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Thursday, Aug. 21, 2014

Money available for college through little-used state program

Tuesday, June 14, 2005

Twenty-first Century Scholars is a state-funded program that helps students from low- and moderate-income families throughout Indiana fulfill their dreams of obtaining a college education. The group helps locate financial assistance and cover the leftover cost of tuition for eligible students attending an Indiana-based college.

"We've got to get the word out there about this program," Student Coordinator Jack Shroeder said. "We have about 200 (eighth-grade) students from around the state enrolled right now, but we would like to have more participate before the deadline this month on June 30."

The program, founded in 1990, is the only one in the country that guarantees full tuition for four years to qualified students.

With a primary goal to help more students continue their education, the program also works to help reduce the high school dropout rate, prepare students for the workforce, decrease the use of drugs and alcohol among middle and high school students while improving the individual economic productivity and quality of life for all Indiana residents.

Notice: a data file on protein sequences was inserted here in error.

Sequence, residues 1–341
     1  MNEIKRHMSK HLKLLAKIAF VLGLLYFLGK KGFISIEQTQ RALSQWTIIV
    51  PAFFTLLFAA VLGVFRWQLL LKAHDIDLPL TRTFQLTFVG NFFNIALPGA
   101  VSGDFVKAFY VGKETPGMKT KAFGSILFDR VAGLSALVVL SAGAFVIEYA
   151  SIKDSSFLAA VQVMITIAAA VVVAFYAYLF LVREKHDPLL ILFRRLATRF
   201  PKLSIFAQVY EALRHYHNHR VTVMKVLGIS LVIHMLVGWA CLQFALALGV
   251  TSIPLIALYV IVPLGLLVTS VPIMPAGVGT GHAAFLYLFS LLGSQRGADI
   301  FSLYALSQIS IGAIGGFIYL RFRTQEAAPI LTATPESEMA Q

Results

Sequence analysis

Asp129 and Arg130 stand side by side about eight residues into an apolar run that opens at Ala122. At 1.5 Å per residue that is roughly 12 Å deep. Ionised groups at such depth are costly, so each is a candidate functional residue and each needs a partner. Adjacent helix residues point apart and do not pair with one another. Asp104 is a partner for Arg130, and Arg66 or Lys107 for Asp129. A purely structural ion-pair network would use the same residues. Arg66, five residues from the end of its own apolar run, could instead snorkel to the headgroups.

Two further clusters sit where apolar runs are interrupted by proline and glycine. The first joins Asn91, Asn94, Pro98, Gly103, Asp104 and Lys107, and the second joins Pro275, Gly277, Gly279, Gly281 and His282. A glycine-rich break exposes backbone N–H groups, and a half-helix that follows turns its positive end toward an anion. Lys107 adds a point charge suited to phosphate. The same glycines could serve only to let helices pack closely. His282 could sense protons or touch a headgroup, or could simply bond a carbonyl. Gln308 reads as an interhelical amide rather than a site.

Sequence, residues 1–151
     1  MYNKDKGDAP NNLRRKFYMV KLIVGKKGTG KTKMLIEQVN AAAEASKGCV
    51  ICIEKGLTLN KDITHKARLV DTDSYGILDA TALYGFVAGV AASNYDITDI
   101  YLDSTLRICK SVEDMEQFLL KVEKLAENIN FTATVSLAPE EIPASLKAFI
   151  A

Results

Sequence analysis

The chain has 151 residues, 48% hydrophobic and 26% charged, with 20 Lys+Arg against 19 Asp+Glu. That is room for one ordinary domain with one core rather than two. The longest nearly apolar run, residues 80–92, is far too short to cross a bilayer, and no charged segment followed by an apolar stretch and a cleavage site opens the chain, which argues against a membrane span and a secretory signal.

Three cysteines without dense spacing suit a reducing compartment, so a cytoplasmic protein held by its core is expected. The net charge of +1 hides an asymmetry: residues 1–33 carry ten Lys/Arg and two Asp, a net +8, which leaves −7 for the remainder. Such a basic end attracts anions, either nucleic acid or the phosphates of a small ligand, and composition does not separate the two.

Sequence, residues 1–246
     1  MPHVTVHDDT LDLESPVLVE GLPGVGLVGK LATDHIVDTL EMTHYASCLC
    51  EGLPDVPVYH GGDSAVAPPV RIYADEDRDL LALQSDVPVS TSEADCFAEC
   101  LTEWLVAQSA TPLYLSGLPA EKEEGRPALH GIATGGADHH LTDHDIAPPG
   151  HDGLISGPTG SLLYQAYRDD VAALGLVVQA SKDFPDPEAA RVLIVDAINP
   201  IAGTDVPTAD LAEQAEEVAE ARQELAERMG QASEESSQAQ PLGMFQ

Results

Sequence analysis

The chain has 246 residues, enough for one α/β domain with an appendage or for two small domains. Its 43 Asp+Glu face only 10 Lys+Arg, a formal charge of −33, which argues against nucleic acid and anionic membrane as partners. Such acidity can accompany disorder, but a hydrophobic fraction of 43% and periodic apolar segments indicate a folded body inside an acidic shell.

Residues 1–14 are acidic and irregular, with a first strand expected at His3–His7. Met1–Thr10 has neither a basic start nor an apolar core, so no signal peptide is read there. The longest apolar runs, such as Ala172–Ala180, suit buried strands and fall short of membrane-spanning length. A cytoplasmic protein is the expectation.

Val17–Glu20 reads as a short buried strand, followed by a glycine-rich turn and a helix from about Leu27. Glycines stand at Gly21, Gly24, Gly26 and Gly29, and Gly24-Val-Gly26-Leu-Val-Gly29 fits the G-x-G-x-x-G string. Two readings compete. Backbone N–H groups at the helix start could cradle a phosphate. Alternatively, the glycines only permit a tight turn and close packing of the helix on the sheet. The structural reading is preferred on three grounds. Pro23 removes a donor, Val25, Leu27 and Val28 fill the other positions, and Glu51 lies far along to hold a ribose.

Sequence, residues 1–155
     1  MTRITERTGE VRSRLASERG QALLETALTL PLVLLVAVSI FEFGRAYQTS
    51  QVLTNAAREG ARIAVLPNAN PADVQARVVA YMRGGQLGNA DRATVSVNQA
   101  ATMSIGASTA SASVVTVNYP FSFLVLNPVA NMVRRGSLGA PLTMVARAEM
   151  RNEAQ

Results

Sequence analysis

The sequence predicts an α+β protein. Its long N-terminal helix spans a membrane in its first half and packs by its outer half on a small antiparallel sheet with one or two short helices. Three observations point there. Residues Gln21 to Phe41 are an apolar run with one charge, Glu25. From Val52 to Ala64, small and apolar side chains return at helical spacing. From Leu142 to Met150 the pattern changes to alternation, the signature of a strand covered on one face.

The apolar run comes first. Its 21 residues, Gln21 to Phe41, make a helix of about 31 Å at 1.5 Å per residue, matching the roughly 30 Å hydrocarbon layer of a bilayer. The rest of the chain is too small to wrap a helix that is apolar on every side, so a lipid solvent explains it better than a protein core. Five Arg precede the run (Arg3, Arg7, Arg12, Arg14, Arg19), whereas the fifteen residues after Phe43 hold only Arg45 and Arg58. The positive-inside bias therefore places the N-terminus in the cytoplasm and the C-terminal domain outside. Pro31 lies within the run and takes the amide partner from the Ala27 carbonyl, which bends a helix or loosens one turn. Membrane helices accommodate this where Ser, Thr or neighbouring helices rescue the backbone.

Middle school students residing in Indiana who do not exceed the income maximum can enroll in the program during their seventh and eighth grades. To apply this year, students need to fill out their applications and sign a good citizenship promise, the Scholar's Pledge, stating their intent to graduate and to not be convicted of a crime while remaining alcohol and drug free during their time in high school. The application needs to be turned in on or before June 30.

"Participation in this program makes a big difference in a student's mindset about college, that it is a possibility for them," Schroeder said. Students active in the program have a higher graduation rate than those who don't. "They go to college and become contributing members to society."

To qualify for the program's financial assistance, high school seniors need to graduate with at least a 2.0 grade point average, remain drug and alcohol free, not be convicted of a crime and file the Free Application for Federal Student Aid (FAFSA) on time.

"Participation in this program just makes sense for everyone involved," Shroeder said. "This program is the best use of taxpayers' dollars out there. This program creates better citizens, a better workforce, better communities and a better Indiana."



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